Jo Bertram, the head of Uber's northern Europe operations, has decided to leave as the ride-sharing company tries to negotiate a new license in London. Uber's chief executive is to meet with Transport for London.
Uber's Northern Europe Manager Jo Bertram will leave the ride sharing company in a few weeks, according to an email obtained by several media outlets.
"Given some of our current challenges, I'm also convinced that now is the right time to have a change of face and to hand over to someone who will be here for the long haul and take us into the next phase," she said.
"While I would like to have announced my move in smoother circumstances, I'm proud of the team we've built here and am very confident in their abilities to lead the business into the next chapter."
Bertram has taken an undisclosed new position elsewhere, saying she "decided to move onto something new." Uber did not give a precise departure date for Bertram. She will be replaced by Uber's London boss, Tom Elvidge, on an interim basis.
Read more: Uber threatens to pull out of Quebec
Transport for London (TFL), the authority responsible for the transport system in the British capital, decided not to renew Uber's private hire operator license in late September. It said Uber showed "a lack of corporate responsibility" regarding such issues as reporting serious criminal offenses and the process of driver registration.
Uber's London license officially expired on September 30, but its 40,000 London-based drivers are still allowed to operate while the company goes through the appeals process.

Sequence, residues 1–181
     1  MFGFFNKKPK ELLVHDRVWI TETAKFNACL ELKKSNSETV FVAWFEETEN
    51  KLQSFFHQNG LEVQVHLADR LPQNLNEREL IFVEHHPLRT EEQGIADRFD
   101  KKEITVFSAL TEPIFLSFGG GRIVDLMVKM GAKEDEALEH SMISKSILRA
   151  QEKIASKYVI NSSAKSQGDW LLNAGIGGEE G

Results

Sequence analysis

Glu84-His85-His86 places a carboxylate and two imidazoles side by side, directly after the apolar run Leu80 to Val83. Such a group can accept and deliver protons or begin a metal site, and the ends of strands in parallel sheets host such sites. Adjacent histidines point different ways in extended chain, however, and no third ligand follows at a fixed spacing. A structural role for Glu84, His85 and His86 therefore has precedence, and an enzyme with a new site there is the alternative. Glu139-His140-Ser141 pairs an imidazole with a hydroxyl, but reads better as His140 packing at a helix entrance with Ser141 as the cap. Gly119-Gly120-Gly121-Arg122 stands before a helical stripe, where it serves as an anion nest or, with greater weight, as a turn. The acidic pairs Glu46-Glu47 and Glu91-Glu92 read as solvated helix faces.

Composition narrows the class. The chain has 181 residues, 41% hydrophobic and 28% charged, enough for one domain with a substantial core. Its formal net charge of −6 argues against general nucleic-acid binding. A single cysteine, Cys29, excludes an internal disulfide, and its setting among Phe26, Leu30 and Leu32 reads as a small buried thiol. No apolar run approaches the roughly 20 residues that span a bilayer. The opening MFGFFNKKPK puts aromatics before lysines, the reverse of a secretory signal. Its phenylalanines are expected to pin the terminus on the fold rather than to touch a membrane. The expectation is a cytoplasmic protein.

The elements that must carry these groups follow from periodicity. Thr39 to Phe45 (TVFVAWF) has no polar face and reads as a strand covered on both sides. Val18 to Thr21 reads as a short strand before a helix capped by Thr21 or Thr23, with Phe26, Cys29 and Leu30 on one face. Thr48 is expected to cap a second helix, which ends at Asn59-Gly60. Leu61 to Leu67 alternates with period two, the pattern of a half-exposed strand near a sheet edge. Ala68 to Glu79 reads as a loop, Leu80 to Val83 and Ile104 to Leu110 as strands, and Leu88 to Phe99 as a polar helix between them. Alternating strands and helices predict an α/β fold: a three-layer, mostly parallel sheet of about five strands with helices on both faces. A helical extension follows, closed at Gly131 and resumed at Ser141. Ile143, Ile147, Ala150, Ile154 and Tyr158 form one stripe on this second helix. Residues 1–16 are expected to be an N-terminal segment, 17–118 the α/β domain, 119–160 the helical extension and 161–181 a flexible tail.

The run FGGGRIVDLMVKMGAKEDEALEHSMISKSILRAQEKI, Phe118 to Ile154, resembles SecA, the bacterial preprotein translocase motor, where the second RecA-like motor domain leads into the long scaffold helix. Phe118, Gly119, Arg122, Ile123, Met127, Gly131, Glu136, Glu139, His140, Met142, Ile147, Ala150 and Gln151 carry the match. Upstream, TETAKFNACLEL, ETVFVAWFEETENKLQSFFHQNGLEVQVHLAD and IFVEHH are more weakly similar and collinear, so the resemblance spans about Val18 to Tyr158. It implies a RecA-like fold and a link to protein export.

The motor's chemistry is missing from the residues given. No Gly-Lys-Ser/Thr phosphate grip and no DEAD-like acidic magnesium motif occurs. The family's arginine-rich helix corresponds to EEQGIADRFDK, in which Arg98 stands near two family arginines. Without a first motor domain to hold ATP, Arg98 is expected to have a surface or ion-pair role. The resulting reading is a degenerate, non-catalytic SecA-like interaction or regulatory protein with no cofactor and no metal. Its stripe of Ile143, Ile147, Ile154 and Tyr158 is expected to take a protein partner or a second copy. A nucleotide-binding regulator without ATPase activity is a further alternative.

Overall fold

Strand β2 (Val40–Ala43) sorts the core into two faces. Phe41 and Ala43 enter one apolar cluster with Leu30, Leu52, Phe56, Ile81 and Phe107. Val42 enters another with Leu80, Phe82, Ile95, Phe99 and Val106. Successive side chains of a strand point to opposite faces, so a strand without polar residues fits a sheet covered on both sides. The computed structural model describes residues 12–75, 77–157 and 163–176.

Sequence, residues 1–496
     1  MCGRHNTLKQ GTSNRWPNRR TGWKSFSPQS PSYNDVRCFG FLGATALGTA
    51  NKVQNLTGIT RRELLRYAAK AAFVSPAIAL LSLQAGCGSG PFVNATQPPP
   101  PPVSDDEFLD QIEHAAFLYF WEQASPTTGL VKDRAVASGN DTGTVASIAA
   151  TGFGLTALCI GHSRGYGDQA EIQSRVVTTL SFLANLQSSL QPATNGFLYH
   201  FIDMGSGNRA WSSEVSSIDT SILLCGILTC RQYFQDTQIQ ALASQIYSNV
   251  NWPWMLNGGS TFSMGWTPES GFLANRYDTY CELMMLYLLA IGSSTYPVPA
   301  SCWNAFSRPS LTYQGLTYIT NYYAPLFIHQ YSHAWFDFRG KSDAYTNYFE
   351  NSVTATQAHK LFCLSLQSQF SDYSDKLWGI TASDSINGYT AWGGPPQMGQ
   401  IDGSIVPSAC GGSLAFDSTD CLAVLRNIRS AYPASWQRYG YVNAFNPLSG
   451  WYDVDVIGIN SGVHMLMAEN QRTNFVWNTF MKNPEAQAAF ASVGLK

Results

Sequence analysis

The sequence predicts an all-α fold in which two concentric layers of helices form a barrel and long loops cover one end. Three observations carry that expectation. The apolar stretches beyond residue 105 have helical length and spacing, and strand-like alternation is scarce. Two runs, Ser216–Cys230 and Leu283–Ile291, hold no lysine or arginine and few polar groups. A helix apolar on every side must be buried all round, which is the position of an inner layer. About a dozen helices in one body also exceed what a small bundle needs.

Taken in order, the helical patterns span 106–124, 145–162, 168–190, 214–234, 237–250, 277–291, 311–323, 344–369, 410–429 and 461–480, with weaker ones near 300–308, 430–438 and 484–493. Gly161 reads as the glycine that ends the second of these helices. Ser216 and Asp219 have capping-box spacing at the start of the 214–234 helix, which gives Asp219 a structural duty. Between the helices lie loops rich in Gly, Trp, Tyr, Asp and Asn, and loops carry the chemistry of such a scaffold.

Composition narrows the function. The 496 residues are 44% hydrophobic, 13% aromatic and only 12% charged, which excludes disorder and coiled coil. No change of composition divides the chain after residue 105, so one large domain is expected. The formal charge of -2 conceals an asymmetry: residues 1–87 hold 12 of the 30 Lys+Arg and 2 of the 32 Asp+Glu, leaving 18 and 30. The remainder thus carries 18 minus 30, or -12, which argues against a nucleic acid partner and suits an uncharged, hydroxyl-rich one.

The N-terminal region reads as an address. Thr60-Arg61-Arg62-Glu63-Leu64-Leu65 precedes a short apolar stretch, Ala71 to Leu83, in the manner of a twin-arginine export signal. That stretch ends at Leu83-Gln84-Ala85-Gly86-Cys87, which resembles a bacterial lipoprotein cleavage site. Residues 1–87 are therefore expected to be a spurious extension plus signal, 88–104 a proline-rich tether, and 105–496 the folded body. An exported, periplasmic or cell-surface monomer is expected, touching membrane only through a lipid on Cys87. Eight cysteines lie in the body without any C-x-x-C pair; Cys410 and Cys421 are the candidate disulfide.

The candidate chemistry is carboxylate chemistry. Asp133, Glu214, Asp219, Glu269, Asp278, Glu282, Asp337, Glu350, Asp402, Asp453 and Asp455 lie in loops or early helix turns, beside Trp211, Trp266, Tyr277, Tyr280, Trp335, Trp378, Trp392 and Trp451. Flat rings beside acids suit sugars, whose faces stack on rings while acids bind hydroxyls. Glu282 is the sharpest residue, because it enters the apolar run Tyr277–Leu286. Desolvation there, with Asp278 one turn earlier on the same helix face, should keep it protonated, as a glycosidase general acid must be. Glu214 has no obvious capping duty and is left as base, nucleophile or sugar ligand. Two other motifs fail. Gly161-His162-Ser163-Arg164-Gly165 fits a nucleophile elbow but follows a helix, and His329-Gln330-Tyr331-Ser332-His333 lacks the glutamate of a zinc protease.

Dara Khosrowshahi, the successor to Uber founder and former CEO Travis Kalanick, is to meet with TfL Commissioner Mike Brown on Tuesday. Mayor of London Sadiq Khan, who is also the chairman of TfL, supported the decision to remove Uber's license, but welcomed Khosrowshahi's apologetic tone and promise of change.
Taxi protests in Prague
Around 1,200 Czech taxis deliberately drove slowly for three hours at Vaclav Havel Airport in Prague to protest against Uber. The protest created a traffic jam on the main access road to the airport and caused major travel delays.
"Today we're not in any hurry," a spokesman for the protesters told the Czech news agency CTK.
Cab drivers held similar demonstrations in Britain, Chile, Costa Rica, Croatia, Indonesia, Italy, Poland, Spain and Taiwan. The traditional cab operators have been upset that Uber drivers do not need a proper taxi license or need to use taxi meters.
"Uber drivers don't respect the laws in force," said Petr Polisensky, spokesman for the association of Prague cab drivers, denouncing what he called "inaction on the part of authorities."
Miroslava Jozova, Uber's spokeswoman in the Czech Republic, said the company was "willing to engage in dialogue."
"There's room enough for all kinds of businesses in Prague," she added.
Prague authorities have warned tourists about dishonest cab drivers who often charge inflated fees. Meanwhile, Uber has conducted several ad campaigns in the Czech Capital
Uber says around 2,000 freelance drivers in the Czech Republic and more than 400,000 Czech drivers downloaded the app. Czech authorities have yet to implement any regulations over ride-hailing services, but a possible government initiative is reportedly in the works.
dv/gsw (AFP, dpa, Reuters)